An Overview: The Standard of Review

The antitrust analysis of joint ventures has evolved considerably over
time. Having encountered an increasing number of joint venture
arrangements in a wide variety of contexts, courts have had many
opportunities to analyze challenges to their legality. In reviewing the
legality of a joint venture, a threshold issue is whether the arrangement—
or a particular aspect of it—will be subject to per se condemnation or
rule-of-reason analysis.1
A. The Per Se Standard
A literal reading of the Sherman Act would render every competitor
collaboration unlawful.2 The Supreme Court, however, has held that only
those agreements or practices that are “plainly anticompetitive”3 and
“lack . . . any redeeming virtue”4 constitute “naked” restraints of trade,
1. Broadcast Music, Inc. v. CBS, Inc., 441 U.S. 1, 9 (1979) (“[I]t is
necessary to characterize the challenged conduct as falling within or
without that category of behavior to which we apply the label ‘per se
price fixing.’”).
2. See, e.g., Business Elecs. Corp. v. Sharp Elecs. Corp., 485 U.S.. 717, 736-
37 (1985) (Stevens, J., dissenting) (“The plain language of § 1 of the
Sherman Act prohibits ‘every’ contract that restrains trade. Because such
a literal reading of the statute would outlaw the entire body of private
contract law, and because Congress plainly intended the Act to be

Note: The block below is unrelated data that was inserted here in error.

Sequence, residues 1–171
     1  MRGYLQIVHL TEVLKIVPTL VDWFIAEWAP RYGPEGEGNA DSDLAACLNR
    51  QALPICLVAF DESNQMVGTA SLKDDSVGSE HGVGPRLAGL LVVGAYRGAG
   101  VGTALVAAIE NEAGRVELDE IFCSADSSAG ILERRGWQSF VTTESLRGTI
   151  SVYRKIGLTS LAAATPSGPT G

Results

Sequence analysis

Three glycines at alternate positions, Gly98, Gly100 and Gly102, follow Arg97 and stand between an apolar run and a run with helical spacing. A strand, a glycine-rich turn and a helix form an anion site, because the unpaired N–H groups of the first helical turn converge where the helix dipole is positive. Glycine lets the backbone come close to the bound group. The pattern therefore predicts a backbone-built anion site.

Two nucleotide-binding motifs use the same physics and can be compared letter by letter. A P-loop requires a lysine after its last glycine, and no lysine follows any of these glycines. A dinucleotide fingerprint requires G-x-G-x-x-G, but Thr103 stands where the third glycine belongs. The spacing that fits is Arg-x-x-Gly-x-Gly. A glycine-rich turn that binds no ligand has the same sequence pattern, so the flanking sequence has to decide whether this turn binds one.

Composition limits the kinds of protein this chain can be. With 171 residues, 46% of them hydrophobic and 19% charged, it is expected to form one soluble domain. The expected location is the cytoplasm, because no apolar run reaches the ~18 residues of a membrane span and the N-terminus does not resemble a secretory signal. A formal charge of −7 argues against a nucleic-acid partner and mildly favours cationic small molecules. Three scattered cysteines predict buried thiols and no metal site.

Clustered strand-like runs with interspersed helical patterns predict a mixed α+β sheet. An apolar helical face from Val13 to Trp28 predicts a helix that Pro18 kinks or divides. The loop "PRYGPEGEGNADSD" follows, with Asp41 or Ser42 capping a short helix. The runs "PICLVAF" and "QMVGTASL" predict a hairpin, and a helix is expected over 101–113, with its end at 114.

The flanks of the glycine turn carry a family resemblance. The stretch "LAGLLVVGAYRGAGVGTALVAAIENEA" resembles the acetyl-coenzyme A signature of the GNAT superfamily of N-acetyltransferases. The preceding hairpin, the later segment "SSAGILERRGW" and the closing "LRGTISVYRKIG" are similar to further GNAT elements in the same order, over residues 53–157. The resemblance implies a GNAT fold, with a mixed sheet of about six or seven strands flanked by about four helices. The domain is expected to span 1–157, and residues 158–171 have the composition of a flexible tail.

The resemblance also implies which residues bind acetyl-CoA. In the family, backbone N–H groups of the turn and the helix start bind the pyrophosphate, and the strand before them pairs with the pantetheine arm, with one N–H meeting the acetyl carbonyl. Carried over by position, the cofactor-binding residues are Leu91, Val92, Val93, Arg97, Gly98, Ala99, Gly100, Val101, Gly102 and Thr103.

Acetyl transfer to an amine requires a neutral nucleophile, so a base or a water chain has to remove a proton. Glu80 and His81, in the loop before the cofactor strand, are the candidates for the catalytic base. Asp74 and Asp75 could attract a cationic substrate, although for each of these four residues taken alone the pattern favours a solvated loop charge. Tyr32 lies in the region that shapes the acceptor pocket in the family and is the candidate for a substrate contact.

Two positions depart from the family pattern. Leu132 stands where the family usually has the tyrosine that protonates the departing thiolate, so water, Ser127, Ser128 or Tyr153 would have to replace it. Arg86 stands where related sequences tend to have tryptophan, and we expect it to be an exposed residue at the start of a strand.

interpreted in the light of its common-law background, the Court has long
held that certain ‘ancillary’ restraints of trade may be defended as
reasonable.” (footnote omitted)); Arizona v. Maricopa Cnty. Med. Soc’y,
457 U.S. 332, 342 (1982) (“Section 1 of the Sherman Act of 1890
literally prohibits every agreement ‘in restraint of trade.’”); United States
v. Joint Traffic Ass’n, 171 U.S. 505, 568 (1898) (noting that Congress
could not have intended to render every business contract illegal).
3. National Soc’y of Prof’l En g’rs v. United States, 435 U.S. 679, 692
4. Northern Pac. Ry. Co. v. United States, 356 U.S. 1, 5 (1958). Of course,
these statements should not be taken to mean that a restraint cannot be
condemned as unlawful just because the industry or organization is
relatively new or has not previously been before the courts. See, e.g.,

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